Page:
As you consider sales analytics, you should also address planning and tracking, which is a priority in 39 percent of sales organizations. What-if and scenario analyses can help determine best paths forward for optimizing sales resources and results which requires some deeper level of modeling and analytic sophistication. And as sales organizations get smarter, they can start to apply advanced methods such as predictive analytics to give better foresight into the future based on current and past behavior.
Collaboration is a priority for 63 percent of sales organizations. This technology has evolved to include social media capabilities, encouraging interaction and knowledge sharing across the Internet. This social collaboration is a way to bring the people and process of sales forecasting and analytics together in a team-based effort. Our benchmark research found that broadcasting, wall posting and application sharing are a few of the top priorities in social collaboration for sales. Collaborative methods can also bring disparate applications to a common point of dialogue across sales forecasting and analytics, involving SFA data that might be used for creating and tracking accounts, contacts and opportunities. Since the forecast and pipeline are potential places for dialogue on ideas for improvement or exploration of new revenue opportunities, social collaboration can help reduce the time to determine the path forward.
If you have not examined the advancements in sales pipeline and forecasting or what is possible with sales analytics, you better get started as your competition is mostly likely already doing so. In my next analysis on sales applications, I will assess the need for key applications such as sales compensation and commissions, territory and coaching. These applications can further increase the confidence of your sales team when they see your organization is committed to help them achieve their full potential. If you are focused on sales excellence and use applications and technology to do so, I look forward to hearing about your efforts, and hearing your suggestions about how our best practices and research can help you be smarter and more engaged with your sales organization!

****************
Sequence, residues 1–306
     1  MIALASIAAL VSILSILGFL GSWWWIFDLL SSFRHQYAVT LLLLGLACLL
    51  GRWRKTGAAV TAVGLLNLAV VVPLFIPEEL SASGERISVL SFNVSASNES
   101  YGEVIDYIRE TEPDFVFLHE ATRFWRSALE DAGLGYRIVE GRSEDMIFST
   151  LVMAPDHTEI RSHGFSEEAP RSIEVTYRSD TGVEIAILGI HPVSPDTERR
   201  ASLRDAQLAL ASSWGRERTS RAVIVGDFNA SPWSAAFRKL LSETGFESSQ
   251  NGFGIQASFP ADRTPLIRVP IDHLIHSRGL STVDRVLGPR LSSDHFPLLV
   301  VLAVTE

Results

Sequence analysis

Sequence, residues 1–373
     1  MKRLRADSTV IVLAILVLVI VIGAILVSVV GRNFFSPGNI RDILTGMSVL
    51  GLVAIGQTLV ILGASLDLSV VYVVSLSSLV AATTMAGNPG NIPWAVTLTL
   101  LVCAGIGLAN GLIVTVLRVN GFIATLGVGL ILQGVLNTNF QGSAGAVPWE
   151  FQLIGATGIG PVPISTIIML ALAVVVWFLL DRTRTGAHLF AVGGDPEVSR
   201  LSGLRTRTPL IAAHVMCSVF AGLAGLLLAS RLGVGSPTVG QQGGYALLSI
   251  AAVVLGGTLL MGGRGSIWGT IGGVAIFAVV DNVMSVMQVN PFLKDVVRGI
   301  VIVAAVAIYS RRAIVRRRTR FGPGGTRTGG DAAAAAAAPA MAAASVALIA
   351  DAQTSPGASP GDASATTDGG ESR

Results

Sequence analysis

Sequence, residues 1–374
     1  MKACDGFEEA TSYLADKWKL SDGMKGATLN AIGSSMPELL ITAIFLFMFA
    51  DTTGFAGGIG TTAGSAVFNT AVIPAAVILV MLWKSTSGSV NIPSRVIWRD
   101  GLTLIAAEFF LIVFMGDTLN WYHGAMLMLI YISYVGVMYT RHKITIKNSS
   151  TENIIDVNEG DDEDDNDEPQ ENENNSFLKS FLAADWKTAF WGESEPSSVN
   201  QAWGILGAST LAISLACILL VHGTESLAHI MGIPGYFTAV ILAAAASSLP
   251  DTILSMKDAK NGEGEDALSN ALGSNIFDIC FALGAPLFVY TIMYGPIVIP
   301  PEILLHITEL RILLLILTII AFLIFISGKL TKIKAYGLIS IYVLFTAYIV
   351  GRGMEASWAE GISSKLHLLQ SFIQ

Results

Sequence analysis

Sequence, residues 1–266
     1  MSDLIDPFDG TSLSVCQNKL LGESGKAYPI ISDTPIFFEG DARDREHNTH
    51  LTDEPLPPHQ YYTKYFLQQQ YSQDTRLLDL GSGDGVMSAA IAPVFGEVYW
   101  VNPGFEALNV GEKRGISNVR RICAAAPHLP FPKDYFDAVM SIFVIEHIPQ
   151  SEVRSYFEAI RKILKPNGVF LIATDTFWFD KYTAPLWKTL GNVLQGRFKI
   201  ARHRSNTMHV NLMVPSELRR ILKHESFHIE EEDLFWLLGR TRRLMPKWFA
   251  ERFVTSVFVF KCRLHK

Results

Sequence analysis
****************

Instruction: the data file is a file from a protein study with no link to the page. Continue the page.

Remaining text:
Mark Smith – CEO & Chief Research Officer
December 7, 2011 in Business Analytics, Business Collaboration, Business Mobility, Business Performance Management (BPM), Cloud Computing, Customer Performance Management (CPM), Financial Performance Management (FPM), Operational Performance Management (OPM), Sales Performance Management (SPM), Social Media, Workforce Performance Management (WPM) | Tags: 360-degree view of the Customer, Agent Performance Management, Call Center, CFO, Cloud Computing, CMO, Contact Center, Contact Center Analytics, CRM, Customer Analytics, Customer Data Management, Customer Experience Management, Customer Feedback Management, Customer Service, Desktop Analytics, Marketing, Merced Systems, NICE, Predictive Analytics, Revenue Performance, Sales, sales analytics, Sales Compensation, Sales Force Automation, Sales Performance Management, SFA, Social CRM, Speech Analytics, Text Analytics, Unified Communications, Voice of the Customer, Workforce Management | by Mark Smith | 6 comments